officer said she had a taser instead of a gun. you're a military guy, wes. when you hear that, what do you think? >> i'm baffled, honestly, because if -- i have so much training in this, that if someone hands me a weapon, i can tell whether it's loaded or unloaded. i can tell a caliber. that's how much training i have in marksmanship and arms because they knew that they were trusting me to go out and make life or death decisions every single day. there's something in military where we call muscle memory. basically, we want you to do things enough in high-stress situations there isn't a question, you just know properly how to respond. and the idea that you cannot tell a difference or could not make a quick reaction difference between eye firearm or taser, meaning there was not enough training or preparation for to you handle either of those devices. that's what hurts us. >> she's a training officer. she was training a rookie that day. that's what i find so
mind-boggling. but let's talk about freddie gray. we all remember this case. freddie gray is from baltimore. you're from baltimore. you said freddie gray is the first funeral you went to for someone you didn't know that we should really pay attention to freddie gray's life. why did you go to his funeral? and what is it about him that you want us to know? >> i went to freddie gray's funeral because this is a story i have a local connection with. this was a really big deal in baltimore and around the globe. but it also did strike me, gayle, the fact i was sitting here at a funeral of someone i didn't know in life. that was part of the problem. most of the people inside the church that day did not ever have a single conversation with freddie. when you look at freddie's life, if you look at the fact that this was a young man who was born premature and underweight. it was a young man born in deep poverty. his mother lived in deep poverty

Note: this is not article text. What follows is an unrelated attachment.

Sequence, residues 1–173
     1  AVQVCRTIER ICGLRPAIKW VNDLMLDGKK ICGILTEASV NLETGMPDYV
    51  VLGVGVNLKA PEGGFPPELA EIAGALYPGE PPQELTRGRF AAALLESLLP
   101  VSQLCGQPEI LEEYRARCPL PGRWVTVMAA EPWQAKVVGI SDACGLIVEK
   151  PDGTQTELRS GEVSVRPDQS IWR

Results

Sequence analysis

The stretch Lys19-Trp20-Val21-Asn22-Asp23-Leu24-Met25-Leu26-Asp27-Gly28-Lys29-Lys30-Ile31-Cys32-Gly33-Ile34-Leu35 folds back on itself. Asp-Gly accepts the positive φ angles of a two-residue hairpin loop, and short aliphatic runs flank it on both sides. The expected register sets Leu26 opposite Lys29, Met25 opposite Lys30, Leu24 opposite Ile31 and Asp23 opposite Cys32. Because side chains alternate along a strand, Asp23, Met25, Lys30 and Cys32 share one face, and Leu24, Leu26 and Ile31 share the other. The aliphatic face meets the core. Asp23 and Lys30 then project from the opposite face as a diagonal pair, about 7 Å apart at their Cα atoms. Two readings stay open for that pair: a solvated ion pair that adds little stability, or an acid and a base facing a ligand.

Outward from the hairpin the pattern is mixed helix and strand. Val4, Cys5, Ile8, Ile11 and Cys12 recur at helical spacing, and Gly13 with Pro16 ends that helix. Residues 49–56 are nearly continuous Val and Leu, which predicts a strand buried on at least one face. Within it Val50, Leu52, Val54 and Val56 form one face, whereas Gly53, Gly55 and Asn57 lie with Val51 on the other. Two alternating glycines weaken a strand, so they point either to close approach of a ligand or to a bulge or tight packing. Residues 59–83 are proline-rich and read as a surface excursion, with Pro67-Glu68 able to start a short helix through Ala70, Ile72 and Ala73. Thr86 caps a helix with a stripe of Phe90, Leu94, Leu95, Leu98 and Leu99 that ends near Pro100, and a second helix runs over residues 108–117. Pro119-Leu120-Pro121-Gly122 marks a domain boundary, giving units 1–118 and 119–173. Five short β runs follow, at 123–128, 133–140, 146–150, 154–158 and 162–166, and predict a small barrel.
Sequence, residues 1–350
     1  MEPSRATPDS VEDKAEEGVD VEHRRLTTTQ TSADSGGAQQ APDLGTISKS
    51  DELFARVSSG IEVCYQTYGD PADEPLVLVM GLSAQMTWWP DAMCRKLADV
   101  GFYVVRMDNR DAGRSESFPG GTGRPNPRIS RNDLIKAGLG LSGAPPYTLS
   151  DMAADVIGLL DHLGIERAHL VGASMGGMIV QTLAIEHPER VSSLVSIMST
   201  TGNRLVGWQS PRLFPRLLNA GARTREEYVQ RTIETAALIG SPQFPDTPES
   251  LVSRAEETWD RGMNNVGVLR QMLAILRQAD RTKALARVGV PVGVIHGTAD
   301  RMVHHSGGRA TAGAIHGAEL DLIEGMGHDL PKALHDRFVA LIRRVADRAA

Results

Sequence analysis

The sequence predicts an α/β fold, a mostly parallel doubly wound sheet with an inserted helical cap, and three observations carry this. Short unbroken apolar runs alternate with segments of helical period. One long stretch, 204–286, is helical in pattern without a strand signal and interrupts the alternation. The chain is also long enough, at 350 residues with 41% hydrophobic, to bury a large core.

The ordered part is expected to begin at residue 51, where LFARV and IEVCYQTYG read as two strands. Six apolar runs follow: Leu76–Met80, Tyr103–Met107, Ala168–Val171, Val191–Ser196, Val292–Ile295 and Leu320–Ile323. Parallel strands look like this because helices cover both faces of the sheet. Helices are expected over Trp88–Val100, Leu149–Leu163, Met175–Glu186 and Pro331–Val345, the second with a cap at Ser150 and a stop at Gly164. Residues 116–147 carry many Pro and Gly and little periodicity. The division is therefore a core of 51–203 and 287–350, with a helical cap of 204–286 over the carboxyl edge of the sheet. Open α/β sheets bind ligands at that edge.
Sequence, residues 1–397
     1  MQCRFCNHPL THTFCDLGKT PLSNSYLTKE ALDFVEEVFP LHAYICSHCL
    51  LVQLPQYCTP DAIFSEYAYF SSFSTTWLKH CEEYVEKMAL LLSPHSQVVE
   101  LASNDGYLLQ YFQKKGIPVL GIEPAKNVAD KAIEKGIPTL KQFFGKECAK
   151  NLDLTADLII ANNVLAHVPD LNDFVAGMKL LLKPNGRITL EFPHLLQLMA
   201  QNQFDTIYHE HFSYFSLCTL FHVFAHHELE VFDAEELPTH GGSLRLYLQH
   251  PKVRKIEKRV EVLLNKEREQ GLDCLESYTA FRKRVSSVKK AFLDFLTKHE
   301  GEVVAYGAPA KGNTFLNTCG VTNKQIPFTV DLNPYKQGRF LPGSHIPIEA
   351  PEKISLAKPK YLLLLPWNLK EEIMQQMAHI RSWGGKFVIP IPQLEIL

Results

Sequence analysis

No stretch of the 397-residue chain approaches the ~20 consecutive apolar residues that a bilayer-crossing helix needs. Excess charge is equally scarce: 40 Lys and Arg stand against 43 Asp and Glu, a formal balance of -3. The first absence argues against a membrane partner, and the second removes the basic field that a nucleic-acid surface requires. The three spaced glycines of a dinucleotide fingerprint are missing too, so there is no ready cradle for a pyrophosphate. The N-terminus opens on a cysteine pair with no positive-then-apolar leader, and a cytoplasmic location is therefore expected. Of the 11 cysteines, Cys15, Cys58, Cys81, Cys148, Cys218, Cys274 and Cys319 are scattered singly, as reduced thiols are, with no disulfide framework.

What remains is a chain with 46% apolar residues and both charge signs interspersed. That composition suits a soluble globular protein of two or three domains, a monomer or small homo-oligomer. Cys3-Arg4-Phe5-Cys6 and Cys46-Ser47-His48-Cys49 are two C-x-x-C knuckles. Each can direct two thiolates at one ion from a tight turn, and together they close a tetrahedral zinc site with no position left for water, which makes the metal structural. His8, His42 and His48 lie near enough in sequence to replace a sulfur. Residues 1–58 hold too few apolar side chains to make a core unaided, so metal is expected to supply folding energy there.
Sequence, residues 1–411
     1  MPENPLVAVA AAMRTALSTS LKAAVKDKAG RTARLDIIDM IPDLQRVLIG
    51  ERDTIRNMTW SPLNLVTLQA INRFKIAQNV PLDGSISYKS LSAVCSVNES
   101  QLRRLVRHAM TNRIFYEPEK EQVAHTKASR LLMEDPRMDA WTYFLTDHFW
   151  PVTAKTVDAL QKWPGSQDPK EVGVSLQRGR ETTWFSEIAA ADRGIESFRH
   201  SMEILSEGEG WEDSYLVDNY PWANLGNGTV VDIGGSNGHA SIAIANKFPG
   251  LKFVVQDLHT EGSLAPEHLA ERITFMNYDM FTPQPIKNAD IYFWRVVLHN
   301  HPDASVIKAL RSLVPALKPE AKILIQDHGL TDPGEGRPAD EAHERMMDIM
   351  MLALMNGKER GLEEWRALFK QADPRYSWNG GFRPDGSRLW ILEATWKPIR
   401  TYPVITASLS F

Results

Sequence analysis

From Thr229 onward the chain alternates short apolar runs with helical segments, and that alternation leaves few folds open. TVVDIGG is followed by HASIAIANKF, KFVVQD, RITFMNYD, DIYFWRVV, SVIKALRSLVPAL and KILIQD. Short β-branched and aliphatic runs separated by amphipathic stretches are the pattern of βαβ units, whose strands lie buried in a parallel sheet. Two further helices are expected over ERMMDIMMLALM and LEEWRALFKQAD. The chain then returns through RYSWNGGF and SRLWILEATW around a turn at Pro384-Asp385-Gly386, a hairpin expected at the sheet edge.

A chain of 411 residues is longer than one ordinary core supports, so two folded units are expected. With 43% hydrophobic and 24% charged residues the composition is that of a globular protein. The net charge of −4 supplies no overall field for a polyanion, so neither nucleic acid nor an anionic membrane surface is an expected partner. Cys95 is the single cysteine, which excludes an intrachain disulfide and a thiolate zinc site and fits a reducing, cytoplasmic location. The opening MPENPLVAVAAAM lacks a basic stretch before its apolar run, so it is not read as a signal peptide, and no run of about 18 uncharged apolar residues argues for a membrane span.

her whole life. she also battled addiction for much of her life. when freddie was born, he was already exposed to heroin. when he gained enough weight to go out of the hospital, they moved to baltimore, that home were cited in a lawsuit because of levels of lead inside that home. freddie gray was born underwater, premature, exposed to heroin. born in deep poverty and lead poisoned. and by that time in his life, he's 2 years old. if you look at why he was even arrested that day, he was arrested for making eye contact with police. in a high-poverty area which only in some areas of this country is a crime. and that's the issue. >> and that is the intersection of poverty and race. you say that each of these circumstances increases the probability that he's in that place at that time. but at one point, in one of the
most powerful sentences in the book, you make the point that the system in some communities is its own kind of choke hold. but while we have you, because you're a veteran and because we've been reacting to that video out of virginia with the lieutenant in the vehicle and pepper sprayed, what was your react, what's going through your mind as you watch that? >> horror. absolute horror. and it's horror in the fact that everything i was taught and told. everything that i know. i have a 7-year-old son. and i will express to him, if you happen to have an interaction with police, you know, keep your hands in clear sight. don't make quick movements. call them sir. you know, you show that all of these things to include what car you're driving. your cv, your resume. the uniform you're wearing, it did not matter. in fact, every time he tried to say i don't understand -- or his response, i'm afraid to leave the vehicle. the officer's response back to
him was, you should be. >> it's that the thing. >> that alone -- >> exactly. >> that alone is an intolerable and fireable offense. >> it certainly did strike me, wes, every black parent of color, i don't care if you have $2 or $2 million has had the conversation with their sons this is what you do if you're stopped by the police. >> that's right. >> he did everything correctly and still ended up that way. i'm so glad he's alive. but i can't imagine the trauma that the lieutenant is feeling today. it's heartbreaking to me. before we go, i have to ask you this when do we start calling you, i don't want to stumble on this, gubernatorial candidate wes moore? when should we start doing that? >> well, i'm very seriously exploring the governor's race in maryland right now as i'm getting ready to exit 4 1/2, really proud successful years ago at robin hood. the reality is we're at a turning point. and there are big crucial issues